Bad Mistakes and Good Feedback

I am a learner. I love robotics, but I’m still fumbling my way through it, learning as much as I can and doing my best to pass that knowledge on. That’s why it wasn’t really surprising to me when my Motor Controllers for Cheap Robots tutorial on Instructables started getting some comments that pointed out how badly designed my circuit was. What was surprising was how helpful that feedback proved to be!

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Recapping the Week: June 7-June 13

It’s been a gorgeous (and desperately hot) summer out here so far, and we can’t think of a better way to spend an oppressively hot day than to switch on fleet of oscillating fans, pile on some ice packs, and enjoy some of the latest events and projects that Digilent’s blog has to offer! We’ve also been harnessing the seemingly infinite energy of a few new interns to aid us in the prep for ASEE, so be sure to check back for updates on the conference later next week.

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Building Logic Gates with Transistors

This is a continuation of previous blogs about logic gates. Earlier you read about logic gates and their functions. Then you read about how to code logic gates in Verilog, VHDL, and C. Now its time to learn about creating logic gates with transistors. After reading all of these posts you’ll have learned about logic gate theory, coding logic gates in both hardware and software, and the physical hardware design of logic gates.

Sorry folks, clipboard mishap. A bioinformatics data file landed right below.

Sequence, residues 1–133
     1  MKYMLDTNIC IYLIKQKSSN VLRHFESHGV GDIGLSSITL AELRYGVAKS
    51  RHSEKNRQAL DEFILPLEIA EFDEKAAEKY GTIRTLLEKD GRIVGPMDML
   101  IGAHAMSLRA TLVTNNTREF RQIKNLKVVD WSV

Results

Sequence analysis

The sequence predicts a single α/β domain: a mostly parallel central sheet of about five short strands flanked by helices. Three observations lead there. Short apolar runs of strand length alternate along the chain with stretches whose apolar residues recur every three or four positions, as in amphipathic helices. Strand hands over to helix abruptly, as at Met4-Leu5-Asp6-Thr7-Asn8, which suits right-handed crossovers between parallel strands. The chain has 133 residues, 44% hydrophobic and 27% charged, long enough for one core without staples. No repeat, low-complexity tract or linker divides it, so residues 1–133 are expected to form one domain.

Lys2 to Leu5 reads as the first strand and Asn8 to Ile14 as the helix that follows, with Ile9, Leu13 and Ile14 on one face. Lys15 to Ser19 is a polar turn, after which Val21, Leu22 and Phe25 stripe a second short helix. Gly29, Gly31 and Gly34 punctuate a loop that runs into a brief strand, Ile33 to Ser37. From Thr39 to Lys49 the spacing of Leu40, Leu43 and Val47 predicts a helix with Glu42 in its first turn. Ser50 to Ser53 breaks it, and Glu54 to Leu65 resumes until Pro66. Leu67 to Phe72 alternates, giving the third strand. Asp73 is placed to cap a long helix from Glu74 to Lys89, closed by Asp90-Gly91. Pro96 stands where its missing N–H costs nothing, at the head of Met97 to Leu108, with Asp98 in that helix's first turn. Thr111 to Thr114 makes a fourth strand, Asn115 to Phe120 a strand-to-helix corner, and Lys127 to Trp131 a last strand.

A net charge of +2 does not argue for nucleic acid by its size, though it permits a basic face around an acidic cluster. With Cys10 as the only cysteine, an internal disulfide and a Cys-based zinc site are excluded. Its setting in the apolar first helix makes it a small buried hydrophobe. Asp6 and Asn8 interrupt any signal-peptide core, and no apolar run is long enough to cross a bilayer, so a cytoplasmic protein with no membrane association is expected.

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The Analog Parts Kit

The Analog Parts Kit contains a large selection of components perfect for creating a wide variety of useful circuits & devices. Featuring Analog Devices components, the kit includes transistors, resistors, capacitors, diodes, sensors, and variety of useful ICs, including op amps, converters, and regulators. Finally, the kit also comes with an assortment of lead wires, a solderless breadboard, and a screwdriver.

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How to Choose a Resistor for Your Design

Take a look at a circuit board and chances are you’re going to find a resistor or two. Most boards today use surface-mount device (SMD) technology, so the components are almost too small to see sometimes, but they are on there, I promise. How do engineers decide which resistors to use in the design? Sometimes it depends on how you want that portion of the circuit to perform, as in the case of an op-amp. Other times it’s to prevent too much current from passing through a given point in a circuit, which is why they are often called current-limiting resistors. Maybe you want a simple way to divide the voltage or current. The reality is that there are numerous ways to use resistors, and oftentimes, the defining the resistor value is up to you.

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